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A Greek among the Islamist militants, who attacked the gas complex in Algeria

03 April 2013 / 14:04:53  GRReporter
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A young man of Greek origin, born and raised in Canada, was one of the two suicide bombers who blew themselves up in an oil base in Algeria three months ago.

According to the revelations of the Canadian public television CBC, the young man is Christos Katsiroumbas, aged 24, from the small town of London in the region of Ontario. The young man, who had converted to Islam, was one of the 32 people who held hostage the workers of the oil refinery in the region of In Amenas for 4 days.

In his report, leading journalist Greg Weston refers to anonymous sources who state that Katsiroumbas and the other attacker blew themselves up during the great explosion that killed the last ten hostages.

The journalist states that Christos Katsiroumbas was precisely the attacker described by the surviving hostages as a "blond man who spoke English with a North American accent."

The other man who had blown himself up was Ali Medlezh, a Canadian of Arab origin and a former classmate of Christos. According to sources cited by the CBC, at least two more of their classmates travelled abroad with them about a year ago.

According to the latest report by the television channel, the Islamist group involved another Canadian citizen of Korean origin named Aaron Yun, also a classmate of the two young men.

Christos’ family refused to make any statements. "He came from an Orthodox family, but he had converted to Islam in recent years. He was very close friends with the other boy and lived in Ontario," a member of the Greek community in the small town of London told Ethnos newspaper.

Others of Christos’ classmates describe him as a completely ordinary boy who had converted to Islam at some point. According to them, Christos and Ali left school in 2007. Christos did not finish secondary school. He completely changed after his conversion to Islam.

An earlier friend of his says, "He was very smart and active at school." He lived with his mother in a house with a swimming pool located in a middle-class suburb in the Canadian town and he had an older brother and many cousins.

In 2012, he and Medlezh left Canada, without telling where they were going to and from that moment on, no one knew anything about them.

Their names were heard again two months ago when agents from the Canadian Secret Service began asking their former classmates about them, without telling them that they were already dead.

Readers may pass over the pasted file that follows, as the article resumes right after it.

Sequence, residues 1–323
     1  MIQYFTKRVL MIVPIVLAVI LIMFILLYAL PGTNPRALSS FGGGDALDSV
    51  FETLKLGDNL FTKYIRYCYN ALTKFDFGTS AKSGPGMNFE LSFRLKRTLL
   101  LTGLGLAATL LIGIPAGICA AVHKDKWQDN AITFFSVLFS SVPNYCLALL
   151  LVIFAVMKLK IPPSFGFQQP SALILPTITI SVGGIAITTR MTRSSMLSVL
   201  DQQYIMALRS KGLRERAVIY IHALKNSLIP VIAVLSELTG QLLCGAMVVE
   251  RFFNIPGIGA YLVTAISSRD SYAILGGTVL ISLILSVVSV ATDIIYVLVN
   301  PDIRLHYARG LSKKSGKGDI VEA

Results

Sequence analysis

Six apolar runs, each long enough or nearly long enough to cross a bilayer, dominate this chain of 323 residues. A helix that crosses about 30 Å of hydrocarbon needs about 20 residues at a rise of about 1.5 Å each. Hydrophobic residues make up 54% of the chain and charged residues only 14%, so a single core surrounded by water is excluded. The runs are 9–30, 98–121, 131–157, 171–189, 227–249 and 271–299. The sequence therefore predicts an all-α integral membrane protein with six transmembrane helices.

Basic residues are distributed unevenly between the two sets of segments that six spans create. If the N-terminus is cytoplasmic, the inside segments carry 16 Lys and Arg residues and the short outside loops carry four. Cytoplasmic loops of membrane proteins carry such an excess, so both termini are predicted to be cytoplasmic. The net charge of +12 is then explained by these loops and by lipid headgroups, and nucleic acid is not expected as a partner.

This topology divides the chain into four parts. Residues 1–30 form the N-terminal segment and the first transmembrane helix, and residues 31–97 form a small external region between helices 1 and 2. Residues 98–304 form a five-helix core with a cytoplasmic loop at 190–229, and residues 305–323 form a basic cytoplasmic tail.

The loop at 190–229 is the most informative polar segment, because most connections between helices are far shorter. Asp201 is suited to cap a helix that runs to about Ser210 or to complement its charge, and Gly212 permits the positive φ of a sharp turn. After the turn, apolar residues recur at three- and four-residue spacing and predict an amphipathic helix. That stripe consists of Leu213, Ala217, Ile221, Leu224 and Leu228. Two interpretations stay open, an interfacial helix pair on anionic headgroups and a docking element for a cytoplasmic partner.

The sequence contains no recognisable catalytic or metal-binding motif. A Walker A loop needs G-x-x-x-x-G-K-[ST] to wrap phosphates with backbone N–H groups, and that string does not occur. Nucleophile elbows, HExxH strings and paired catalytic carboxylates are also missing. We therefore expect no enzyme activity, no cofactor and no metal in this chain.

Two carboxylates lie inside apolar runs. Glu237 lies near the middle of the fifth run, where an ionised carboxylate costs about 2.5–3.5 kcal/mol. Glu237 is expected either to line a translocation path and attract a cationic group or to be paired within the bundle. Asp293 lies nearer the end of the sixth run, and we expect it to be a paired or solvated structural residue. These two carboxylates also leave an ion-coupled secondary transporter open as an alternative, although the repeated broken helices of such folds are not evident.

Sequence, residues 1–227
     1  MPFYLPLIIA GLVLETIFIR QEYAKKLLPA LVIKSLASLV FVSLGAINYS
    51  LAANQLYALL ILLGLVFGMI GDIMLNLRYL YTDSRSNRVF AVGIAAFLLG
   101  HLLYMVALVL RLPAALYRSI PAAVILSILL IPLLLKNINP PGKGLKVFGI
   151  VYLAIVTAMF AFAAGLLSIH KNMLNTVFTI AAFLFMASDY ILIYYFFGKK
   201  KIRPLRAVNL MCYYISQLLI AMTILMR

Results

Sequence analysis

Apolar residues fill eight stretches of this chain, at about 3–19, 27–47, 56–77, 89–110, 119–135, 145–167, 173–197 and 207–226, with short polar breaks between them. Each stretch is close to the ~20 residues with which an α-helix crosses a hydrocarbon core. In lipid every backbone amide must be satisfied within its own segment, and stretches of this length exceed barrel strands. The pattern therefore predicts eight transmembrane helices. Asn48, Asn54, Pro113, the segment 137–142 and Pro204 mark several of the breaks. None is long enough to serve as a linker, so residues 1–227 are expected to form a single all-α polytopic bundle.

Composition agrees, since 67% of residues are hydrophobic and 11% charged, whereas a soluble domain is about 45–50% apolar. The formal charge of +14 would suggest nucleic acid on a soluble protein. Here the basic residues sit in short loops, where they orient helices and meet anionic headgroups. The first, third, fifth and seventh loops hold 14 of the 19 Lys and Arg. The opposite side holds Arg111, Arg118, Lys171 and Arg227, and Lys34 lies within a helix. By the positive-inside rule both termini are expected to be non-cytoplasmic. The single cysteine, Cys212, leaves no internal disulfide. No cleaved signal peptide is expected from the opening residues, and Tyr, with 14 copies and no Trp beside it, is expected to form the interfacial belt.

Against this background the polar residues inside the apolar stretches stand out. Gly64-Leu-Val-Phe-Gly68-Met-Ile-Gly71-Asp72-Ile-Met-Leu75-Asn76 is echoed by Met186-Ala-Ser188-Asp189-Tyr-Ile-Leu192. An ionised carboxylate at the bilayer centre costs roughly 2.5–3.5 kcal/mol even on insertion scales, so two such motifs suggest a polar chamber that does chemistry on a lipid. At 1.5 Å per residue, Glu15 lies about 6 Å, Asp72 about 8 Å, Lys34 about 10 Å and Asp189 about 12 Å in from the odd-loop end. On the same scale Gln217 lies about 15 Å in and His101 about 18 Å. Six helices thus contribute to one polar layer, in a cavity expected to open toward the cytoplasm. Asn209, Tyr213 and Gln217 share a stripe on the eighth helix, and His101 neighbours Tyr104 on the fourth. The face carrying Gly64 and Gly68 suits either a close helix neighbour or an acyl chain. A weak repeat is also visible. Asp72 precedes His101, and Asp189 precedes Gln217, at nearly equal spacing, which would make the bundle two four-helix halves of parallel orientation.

The story of the attack

32 heavily armed militants attacked the Algerian gas plant In Amenas in January this year. They had placed explosives in the oil installations of the plant and threatened to blow them up.

They captured in parallel plant workers and held them hostage for four days. The terrorist act ended after the intervention of the Algerian army and did not pass without a bloodbath. As a result, 37 hostages and 29 attackers perished.

The attackers

The authorities had seized the three surviving attackers. It became clear later that they were all members of an Islamist group called "Those who signed with blood." It was established in December last year by the historic leader of the terrorist network Al Qaeda in the Islamic Maghreb, Mokhtar Belmokhtar, who was killed during a military operation in the gas complex.

After the bloody outcome of the attack, Algerian Prime Minister Abdelmalek Sellal said, "The 32 terrorists arrived from northern Mali. Three of them were Algerians and the rest were citizens of Canada, Egypt, Tunisia, Mali, Niger and Mauritania. All of them were members of the group of Mokhtar Belmokhtar - former leader of Al Qaeda in the Islamic Maghreb. In October 2012, he left the international terrorist network to establish his own group."

Despite the statement of the Prime Minister of Algeria and until two days ago, when the reports about Christos Katsiroumbas were broadcast, the Canadian government had been rejecting any involvement of Canadian citizens in the bloody attack.

 

 

Tags: Crime newsIslamist militantsTerrorist actGas plant In AmenasAl Qaeda in the Islamic MaghrebChristos KatsiroumbasCanada
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